5 Steps to Effective GDPR Monitoring

Wherever you are on your GDPR journey, the 5 steps detailed below must be completed and can provide a useful checklist for progress.  This is based on several years’ experience we’ve had supporting the PII data requirements of global organisations.

  1. Assemble a Cross Business Team
    A successful GDPR initiative needs a number of different roles from across the Business and IT including, but not limited to, the following:
Role Purpose
Compliance The compliance team are responsible for defining the scope of the GDPR data for an organisation and also the allowed usages for GDPR data, i.e. defining the legal basis for use across the organisation. Compliance are also responsible for analysing the information returned and ensuring that remediation is put in place.
GDPR Coordinator The GDPR coordinator is responsible for ensuring that each business unit provides the detail of the data they process, the purpose and the applications used.  They should brief Business Units, coordinate and QA the information returned and manage queries.
Business Units The Business Units are responsible for providing the detail of the data they process, the purpose and the applications used for their business area, accurately and completely.
IT The IT teams are responsible for providing the detail of the applications and systems they are responsible for, accurately and completely.
Project Manager Create plan, coordinate resources, manage dates and deliverables and provide senior management reporting.
Analyst The analyst is responsible for analysing and modelling the data received from IT and the Business Units, for example, ensuring there are no duplicates, and providing this to compliance in a format that they can utilise to manage GDPR.
  1. Define the Data in Scope for GDPR and Define the Allowed Data Uses
    The data that is in scope for GDPR will vary from industry to industry, and organisation to organisation and each organisation must, therefore, define the data in scope for them. They must also define the data that is allowed to be used for each business purpose and whether or not consent is required.  We would recommend doing this before the fact-finding exercise as it provides a structure and minimises the possibility of duplication and data gaps.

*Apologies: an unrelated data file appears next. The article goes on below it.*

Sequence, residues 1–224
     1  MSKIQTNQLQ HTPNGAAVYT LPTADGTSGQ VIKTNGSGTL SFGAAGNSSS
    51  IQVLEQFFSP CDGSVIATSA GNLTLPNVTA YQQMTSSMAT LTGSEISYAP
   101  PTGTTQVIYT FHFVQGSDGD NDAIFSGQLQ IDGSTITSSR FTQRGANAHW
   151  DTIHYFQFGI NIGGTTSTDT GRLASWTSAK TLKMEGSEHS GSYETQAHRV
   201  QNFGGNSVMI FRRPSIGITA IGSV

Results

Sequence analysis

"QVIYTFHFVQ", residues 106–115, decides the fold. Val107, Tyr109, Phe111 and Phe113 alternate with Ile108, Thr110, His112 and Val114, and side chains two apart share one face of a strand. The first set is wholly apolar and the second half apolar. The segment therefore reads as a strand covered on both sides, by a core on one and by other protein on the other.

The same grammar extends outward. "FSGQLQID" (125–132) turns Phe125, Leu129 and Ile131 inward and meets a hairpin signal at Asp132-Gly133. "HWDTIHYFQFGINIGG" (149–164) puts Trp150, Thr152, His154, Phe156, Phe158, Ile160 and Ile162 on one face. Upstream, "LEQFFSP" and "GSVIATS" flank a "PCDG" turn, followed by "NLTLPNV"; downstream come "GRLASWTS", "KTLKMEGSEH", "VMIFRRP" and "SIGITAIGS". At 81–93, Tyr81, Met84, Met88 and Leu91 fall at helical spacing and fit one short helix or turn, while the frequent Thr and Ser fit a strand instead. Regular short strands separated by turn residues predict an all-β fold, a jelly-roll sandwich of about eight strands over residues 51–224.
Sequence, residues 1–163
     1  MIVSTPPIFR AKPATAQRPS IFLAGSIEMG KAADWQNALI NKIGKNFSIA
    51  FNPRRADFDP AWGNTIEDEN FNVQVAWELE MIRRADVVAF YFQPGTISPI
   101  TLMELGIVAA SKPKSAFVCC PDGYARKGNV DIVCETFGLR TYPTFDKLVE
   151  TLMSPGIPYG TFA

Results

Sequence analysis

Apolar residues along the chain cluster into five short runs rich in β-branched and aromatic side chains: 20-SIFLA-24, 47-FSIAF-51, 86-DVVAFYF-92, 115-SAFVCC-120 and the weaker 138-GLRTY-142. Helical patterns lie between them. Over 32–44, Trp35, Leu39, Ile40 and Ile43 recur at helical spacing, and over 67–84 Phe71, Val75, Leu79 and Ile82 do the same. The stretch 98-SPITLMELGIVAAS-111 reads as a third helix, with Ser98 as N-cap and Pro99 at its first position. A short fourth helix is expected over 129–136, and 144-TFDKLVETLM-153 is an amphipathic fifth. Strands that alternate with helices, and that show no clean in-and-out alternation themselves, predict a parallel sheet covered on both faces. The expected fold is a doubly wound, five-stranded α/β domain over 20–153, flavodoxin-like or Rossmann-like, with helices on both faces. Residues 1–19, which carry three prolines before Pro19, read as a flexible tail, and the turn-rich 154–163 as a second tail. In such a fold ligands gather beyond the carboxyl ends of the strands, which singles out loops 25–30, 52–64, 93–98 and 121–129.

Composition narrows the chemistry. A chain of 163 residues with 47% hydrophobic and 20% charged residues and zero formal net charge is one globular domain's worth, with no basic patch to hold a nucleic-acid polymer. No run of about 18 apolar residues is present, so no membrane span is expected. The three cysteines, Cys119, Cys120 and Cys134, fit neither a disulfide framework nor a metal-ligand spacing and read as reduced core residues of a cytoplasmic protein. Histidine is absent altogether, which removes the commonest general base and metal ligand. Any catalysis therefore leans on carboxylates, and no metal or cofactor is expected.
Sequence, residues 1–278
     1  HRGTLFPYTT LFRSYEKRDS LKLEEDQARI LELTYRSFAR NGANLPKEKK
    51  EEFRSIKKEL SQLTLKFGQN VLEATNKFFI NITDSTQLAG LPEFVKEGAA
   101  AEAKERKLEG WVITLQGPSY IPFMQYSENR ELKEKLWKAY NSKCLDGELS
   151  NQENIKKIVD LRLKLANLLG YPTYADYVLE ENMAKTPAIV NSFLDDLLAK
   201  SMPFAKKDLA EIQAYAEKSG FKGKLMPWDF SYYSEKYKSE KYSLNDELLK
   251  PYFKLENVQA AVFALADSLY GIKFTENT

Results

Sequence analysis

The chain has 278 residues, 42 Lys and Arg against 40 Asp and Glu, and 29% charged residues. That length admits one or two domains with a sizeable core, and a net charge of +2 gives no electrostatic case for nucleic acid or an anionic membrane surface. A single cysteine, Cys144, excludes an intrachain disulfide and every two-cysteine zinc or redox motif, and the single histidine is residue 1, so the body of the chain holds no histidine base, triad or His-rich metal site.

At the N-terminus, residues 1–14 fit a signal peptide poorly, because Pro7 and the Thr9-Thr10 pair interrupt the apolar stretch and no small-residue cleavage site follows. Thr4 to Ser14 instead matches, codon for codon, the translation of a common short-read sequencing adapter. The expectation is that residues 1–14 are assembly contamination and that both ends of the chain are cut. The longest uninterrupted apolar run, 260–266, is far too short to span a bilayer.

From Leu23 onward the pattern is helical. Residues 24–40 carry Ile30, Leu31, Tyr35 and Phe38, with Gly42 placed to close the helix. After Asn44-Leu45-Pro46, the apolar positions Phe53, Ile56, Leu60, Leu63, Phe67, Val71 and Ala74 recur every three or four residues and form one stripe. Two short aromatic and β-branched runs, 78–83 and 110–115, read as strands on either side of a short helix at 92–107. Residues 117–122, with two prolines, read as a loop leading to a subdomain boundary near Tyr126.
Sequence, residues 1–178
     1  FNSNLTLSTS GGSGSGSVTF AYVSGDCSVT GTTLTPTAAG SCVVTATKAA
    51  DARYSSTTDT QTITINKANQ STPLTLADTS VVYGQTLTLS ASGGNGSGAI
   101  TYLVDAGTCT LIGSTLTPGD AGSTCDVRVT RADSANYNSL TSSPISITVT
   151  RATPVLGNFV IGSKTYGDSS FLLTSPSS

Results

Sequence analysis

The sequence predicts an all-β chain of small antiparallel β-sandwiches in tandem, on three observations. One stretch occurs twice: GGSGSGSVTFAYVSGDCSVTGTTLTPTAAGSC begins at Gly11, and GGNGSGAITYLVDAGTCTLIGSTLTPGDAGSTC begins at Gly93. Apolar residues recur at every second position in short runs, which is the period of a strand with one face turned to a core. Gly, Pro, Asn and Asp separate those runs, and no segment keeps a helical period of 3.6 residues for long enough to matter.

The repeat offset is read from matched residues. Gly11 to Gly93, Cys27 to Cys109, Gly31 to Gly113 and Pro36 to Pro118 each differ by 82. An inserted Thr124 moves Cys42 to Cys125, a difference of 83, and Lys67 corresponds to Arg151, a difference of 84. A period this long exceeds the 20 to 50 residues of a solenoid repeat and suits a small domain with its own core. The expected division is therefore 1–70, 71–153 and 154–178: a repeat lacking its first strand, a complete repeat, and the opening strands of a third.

2. Get the Business Teams to Provide detailed GDPR Data
    The Business Teams will need to provide the data on their processes, purpose, data and applications used. Additionally, IT will need to provide information on the data held in databases, where the databases are stored and located and the security surrounding both the applications and the underlying technology.  There will need to be a standard means of capturing this detail to ensure consistency, so make sure the business have clarity on what they are doing – utilise your Data in Scope for this.  Once this data is provided, a central team should QA and analyse the data to ensure it provides an overall view of the business situation regarding GDPR.
  3. Gap Analysis and Action Plan
    A gap analysis and action plan should be created to work towards GDPR compliance. An ongoing process should be created to ensure this is an on-going exercise that continually demonstrates compliance.  Engage both the business and the IT teams in defining this process.
  4. Report to the Regulator
    The regulator will need to see evidence that you are on top of the new regulations; you will need to demonstrate that you have assessed your organisation against the new regulations, that you understand where you are compliant and that you have a plan in place to rectify any issues. They will also want you to demonstrate that you have a plan in place to manage GDPR as on-going commitment within your organisation, i.e. people, processes, technology, changes.